by: Pete Becerra [ ]
Originally published on:
Next feature build/review for Armorama is the recently released Panda Models M1235A1 Maxxpro DASH DXM. Along with the Maxxpro, I got to go inside the interior, the Harris and SINCGAR radio sets and AN/VIC-5 Intercom Set from Mike's MS Productions by Michael Goldberg via Shapeways.
While building and reviewing the kit, I did a side tutorial for the communication equipment and anti-IED system on how to wire them correctly. As with Panda’s past MRAP kits, the communications equipment inside was either lacking or completely wrong, hence the tutorial.
There is already a video here on Armorama showing the contents of the box, so I won't bore you with all that stuff again and get to the nitty gritty. Just like the other Panda Models MRAP kits, the one is not short of flaws. The major flaw in this kit was the INTERIOR. For those of us who have been on this vehicle or do the research before building know that this is not a Maxxpro DASH DXM due to the interior. The interior is from the first addition of the Maxxpro. Differences between the basic Maxxpro and DASH DXM will be called out in the text.
Starting off with STEP 1 by adding the non-slip material to the floor by stippling Mr. Surfacer 500 to it. Tamiya tape was used to mask of the area where the coating is supposed to be.
The rack between the drivers and passengers' seat was next. The photoetch bent easy and fit well. The HARRIS radio set will be on top and the FBCB2 CPU will be on the bottom of the rack. Panda Models has something molded to the bottom of the rack but I don’t know what it is supposed to be, so I removed it and filled in the hole with thin plastic sheet and Squadron White putty.
On the real vehicle, there is a cable conduit between the drivers and passengers' seat and runs along the right of the passenger seat. There is nothing on here between the seats on the Panda kit. I will add what I can before we add the seats using plastic stock. The lack of the proper space behind the seats will be the issue in adding the whole conduit. The seats where next, but there is one minor and two major issues with them. As far as the seats themselves are concerned, they are nice. The minor issue is that they lack seats belts. I was thinking about using the seat belts from Eduard MRAP set, but those are 3-point harnesses. I used Tamiya tape for belts and plastic stock for the buckles. The two major issues with the seats are that the lack the rope and mesh ratchet system that holds the seats up and the attachment points for the seat belts and seats on the floor.
****NOTE: In my kit, Parts F56x2 where both short-shot, but it really didn't hinder the build.****
There was no issues as far as fit with step 2. The major issue I found here was with the photo etch. A couple of the parts where not etched all the way through in the lower right-hand corner, to include Part PE4. I'm not sure if this is just the set in this kit or in all the first run kits. Careful scoring along the lines of the part helped remove it, just don't use a new blade because it will dull it quick. Also, Part PE4 did not have any bend lines, so measure the part or use eyeball accuracy to bend it. Plus, glue it to the angled side wall first, then attach the completed rack and glue PE4 to that. Later I found out that this was an issue with a few kits only.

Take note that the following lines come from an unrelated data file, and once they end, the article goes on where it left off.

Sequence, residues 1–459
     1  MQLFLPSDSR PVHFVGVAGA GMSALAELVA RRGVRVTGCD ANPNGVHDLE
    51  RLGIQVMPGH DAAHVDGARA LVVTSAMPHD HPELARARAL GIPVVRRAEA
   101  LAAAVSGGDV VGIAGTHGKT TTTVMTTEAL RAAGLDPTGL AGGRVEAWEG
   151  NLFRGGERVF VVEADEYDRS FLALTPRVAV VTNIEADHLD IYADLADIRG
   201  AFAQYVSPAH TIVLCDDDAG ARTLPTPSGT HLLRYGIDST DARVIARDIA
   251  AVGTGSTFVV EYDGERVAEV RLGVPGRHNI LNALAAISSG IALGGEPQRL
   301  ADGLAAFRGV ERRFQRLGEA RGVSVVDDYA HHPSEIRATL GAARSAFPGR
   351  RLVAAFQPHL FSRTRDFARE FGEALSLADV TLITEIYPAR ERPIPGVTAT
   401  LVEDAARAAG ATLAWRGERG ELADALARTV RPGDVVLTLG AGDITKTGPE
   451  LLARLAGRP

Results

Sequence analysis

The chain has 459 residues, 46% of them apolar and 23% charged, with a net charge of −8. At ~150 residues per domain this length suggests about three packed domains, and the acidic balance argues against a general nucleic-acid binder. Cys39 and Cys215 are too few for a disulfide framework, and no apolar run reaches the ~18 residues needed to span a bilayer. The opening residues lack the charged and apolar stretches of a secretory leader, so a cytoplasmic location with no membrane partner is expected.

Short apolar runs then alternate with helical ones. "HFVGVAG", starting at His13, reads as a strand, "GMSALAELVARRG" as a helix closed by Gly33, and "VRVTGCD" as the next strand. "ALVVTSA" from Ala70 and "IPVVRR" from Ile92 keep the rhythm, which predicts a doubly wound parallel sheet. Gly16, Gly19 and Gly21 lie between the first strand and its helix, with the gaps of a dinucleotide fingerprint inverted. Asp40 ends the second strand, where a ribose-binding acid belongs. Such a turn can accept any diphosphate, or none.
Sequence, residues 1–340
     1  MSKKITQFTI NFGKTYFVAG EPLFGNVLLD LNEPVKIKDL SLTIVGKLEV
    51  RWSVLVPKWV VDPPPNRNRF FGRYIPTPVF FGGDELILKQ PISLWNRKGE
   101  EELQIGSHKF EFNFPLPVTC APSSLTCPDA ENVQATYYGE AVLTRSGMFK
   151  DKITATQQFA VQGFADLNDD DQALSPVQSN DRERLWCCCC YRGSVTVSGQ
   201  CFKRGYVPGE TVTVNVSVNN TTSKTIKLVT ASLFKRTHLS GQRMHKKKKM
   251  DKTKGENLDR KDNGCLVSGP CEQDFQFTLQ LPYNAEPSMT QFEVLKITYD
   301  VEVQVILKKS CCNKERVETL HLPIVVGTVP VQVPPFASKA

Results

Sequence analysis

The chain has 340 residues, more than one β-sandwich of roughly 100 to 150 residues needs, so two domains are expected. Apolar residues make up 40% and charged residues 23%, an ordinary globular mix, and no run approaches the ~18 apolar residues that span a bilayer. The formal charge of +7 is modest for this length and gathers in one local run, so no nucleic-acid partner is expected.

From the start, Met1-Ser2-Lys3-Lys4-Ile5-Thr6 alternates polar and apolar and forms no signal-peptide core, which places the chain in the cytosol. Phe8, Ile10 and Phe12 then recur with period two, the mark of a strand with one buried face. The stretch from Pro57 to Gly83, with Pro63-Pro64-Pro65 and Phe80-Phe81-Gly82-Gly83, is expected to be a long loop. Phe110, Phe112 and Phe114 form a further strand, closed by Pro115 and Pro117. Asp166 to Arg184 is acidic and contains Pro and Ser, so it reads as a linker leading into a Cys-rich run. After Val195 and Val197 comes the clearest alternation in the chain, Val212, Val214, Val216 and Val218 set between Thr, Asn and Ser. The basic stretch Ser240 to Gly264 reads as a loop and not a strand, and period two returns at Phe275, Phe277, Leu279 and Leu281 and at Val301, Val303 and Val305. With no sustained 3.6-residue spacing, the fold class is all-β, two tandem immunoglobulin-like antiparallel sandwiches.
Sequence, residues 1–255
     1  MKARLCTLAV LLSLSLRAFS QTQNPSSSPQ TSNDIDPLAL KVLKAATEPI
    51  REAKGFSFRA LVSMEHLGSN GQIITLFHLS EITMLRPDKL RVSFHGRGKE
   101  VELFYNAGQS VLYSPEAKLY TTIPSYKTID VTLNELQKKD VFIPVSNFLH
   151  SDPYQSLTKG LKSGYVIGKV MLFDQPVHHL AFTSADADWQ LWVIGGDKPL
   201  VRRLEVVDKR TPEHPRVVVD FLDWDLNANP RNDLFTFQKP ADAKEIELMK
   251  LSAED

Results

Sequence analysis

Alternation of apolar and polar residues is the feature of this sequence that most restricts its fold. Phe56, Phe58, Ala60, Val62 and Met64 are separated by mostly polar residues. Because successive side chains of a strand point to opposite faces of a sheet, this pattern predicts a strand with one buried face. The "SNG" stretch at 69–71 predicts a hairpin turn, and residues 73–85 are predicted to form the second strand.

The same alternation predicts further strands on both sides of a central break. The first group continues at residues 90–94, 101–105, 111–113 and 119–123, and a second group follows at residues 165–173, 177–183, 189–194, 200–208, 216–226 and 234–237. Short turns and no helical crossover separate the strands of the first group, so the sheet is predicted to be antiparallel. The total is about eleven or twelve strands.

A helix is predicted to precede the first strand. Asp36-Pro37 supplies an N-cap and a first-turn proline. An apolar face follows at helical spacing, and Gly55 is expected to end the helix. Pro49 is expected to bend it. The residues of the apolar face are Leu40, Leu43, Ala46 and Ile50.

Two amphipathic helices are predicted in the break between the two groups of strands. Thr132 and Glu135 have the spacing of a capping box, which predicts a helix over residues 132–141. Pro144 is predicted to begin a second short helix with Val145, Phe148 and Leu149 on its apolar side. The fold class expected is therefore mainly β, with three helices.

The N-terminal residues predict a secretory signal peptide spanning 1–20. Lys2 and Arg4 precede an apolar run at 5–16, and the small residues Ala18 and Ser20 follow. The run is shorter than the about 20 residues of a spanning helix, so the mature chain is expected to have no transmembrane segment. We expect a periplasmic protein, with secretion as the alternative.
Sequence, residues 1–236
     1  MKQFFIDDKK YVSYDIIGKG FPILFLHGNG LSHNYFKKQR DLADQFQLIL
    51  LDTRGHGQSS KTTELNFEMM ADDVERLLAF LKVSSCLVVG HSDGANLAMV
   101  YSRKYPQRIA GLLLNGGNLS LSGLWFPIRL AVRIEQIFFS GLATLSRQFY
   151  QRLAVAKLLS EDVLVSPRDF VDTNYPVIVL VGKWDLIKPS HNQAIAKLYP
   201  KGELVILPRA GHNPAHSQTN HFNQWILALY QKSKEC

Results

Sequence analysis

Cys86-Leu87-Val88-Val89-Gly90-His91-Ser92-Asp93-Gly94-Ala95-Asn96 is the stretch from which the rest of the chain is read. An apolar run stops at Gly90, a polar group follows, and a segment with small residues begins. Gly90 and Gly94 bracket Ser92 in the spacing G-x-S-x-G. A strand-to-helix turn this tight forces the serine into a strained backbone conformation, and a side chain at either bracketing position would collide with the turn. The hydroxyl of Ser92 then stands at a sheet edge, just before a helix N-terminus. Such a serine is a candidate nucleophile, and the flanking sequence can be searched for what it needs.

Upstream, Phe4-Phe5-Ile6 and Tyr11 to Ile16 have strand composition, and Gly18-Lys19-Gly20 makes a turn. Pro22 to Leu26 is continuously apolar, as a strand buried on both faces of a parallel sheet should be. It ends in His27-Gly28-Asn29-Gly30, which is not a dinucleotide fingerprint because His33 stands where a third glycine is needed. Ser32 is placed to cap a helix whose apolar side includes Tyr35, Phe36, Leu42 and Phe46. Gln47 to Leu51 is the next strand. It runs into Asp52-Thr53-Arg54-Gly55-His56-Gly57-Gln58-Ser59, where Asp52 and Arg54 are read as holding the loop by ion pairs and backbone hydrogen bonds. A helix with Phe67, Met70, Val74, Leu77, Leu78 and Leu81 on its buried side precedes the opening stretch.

The radio rack and "AC" unit went together well with-out any filling needed. One problem here though, there is no option to have the gunner’s platform in the up position, so you can't add a gunner figure to the model. With careful cutting and lots of patience, it can be done.
The dash board is really nice and detailed. I was going to add some lines and cables under the dash to the steering wheel column, but decided not to because I was running behind on the build. At this time, I do have the lower interior ready for cables and radios. The dash and seats are left off for ease of painting and to add missing stuff like seat belts.
***Note: The PLGR. FBCB2 monitor and keyboard, and Fire Suppression system switches do not mount to the dash board, but instead to a bar that is welded right under the window frames. This will be added once I start on the inside upper hull.***
STEP 3 has you attaching the frame, lower body and upper body together. This is going to have to wait. The interior ceiling has several punch marks to deal with, 3 holes to fill, and is missing a lot of details. This will be done after I am finished with the lower interior. Since there needs to be a lot of work done to the inside of the upper hull, I decided to jump ahead to STEP 4, 5, and 6. In Step 3, all I did was attach the fender flares and part B43 to the frame. Then I went ahead attach the frame to the bottom of the lower hull.